The new seeding for the 2022 AFC Champions League (ACL) will see Iranian clubs Foolad Khuzestan and Sepahan being secured a place in the group stage of the competition, kicking off in May, according to Footy Rankings, a website dedicated to AFC club competitions rankings.
The new West Zone seeding comes after Persian Gulf Pro League giants Persepolis and Esteghlal on Friday were omitted from the new season of the Asian elite clubs’ competition due to failure in meeting all of the mandatory criteria of the AFC Club Licensing Regulations.
Javad Nekounam’s Foolad had already booked its place in the group phase as the Iranian Hazfi Cup champion, but is now seeded in Pot 1 of the January 17 draw, alongside defending champion Al Hilal, Qatari giants Al Duhail and Al Sadd, and Emirati champion Al Jazira.
Sepahan, which was initially to play in the playoffs as the league runner-up, will now enjoy a direct qualification for the group stage and will be placed in Pot 2 – also featuring Saudi sides Al Faisaly and Al Shabab, Qatar’s Al Rayyan and Shabab Al Ahli of the UAE.
‘Black Friday of Iranian football’, headlined the front page of Iran newspaper after Tehran-based archrivals Persepolis and Esteghlal – as well as Gol Gohar Sirjan – were declared ineligible by the AFC’s independent Entry Control Body (ECB) to participate in the new ACL season.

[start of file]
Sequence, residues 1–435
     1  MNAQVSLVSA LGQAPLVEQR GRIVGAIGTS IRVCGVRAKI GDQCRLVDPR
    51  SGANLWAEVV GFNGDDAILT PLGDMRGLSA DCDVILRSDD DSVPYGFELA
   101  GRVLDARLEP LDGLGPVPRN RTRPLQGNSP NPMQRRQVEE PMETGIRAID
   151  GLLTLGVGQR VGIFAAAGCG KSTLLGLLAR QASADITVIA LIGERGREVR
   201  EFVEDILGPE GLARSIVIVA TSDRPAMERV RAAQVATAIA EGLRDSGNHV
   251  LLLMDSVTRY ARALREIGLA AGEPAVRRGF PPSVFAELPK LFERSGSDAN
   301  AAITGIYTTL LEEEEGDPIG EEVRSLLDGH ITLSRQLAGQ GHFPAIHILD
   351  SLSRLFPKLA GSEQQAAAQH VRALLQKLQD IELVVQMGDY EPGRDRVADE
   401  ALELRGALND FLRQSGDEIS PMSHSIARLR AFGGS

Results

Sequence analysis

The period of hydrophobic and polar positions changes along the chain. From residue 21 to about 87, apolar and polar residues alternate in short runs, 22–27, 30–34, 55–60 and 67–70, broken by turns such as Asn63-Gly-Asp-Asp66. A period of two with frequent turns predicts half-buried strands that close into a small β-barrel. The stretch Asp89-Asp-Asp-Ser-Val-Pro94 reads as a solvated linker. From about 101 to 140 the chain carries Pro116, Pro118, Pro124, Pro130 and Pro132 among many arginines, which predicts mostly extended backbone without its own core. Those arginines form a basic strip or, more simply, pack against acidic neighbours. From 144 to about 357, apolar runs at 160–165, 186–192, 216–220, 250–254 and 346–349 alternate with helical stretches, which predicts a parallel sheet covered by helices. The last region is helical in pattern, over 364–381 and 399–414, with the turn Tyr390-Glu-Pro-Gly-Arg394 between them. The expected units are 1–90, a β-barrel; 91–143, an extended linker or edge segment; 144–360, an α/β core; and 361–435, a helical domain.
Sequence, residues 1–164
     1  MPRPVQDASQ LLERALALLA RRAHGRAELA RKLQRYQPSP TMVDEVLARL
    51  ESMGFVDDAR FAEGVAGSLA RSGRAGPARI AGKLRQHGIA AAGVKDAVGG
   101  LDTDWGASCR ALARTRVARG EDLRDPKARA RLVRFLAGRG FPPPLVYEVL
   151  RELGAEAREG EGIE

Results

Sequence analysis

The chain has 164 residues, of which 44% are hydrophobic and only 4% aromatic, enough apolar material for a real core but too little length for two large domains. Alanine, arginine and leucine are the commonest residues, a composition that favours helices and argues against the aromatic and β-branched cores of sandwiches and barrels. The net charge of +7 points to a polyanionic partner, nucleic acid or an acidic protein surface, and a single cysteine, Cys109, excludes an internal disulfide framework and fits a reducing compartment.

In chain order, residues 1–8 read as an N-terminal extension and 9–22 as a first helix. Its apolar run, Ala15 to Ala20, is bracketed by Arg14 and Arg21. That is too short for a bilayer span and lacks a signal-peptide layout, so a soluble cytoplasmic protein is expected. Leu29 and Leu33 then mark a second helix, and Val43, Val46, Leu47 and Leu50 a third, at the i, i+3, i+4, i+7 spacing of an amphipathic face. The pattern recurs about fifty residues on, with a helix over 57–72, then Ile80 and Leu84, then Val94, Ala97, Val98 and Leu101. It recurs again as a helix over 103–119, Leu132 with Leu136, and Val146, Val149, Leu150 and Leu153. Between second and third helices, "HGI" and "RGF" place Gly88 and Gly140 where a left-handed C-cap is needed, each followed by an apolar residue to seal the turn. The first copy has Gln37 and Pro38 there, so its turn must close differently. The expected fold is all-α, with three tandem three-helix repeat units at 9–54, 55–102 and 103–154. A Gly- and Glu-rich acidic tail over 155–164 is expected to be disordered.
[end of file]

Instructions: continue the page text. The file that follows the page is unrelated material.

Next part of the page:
Persepolis manager Yahya Golmohammadi, whose team was beaten in the final of competition by Ulsan Hyundai in 2020, described the news as “historic disgrace for our football.”
“This was really shocking for a team that has played in the final twice in recent years. It is truly hard for me to bear the fact and those responsible for the situation will have to be held accountable,” added the Iranian head coach.
The AFC had first issued a petition to the ECB last month, calling for the omission of the three Iranian clubs, as they were given five days – until December 27 – to provide the AFC body with the required documentations.
Dariush Mostafavi, the head of the Iranian Professional Licensing Appeals Committee, had underlined “the governmental ownership of Persepolis and Esteghlal, as well as their debts to former players and coaches,” as the main reasons behind the AFC’s decision.
Majid Sadri, the acting general manager of Persepolis, put the blame on Iranian federation’s Professional Licensing Primary Committee for the situation, while also criticizing the Asian football governing body itself.
“The AFC has underscored our debts for the decision, while $3.4 million of our assets has been frozen by the organization [due to sanctions] and numerous letters by us to receive the sum have remained unanswered,” Sadri said.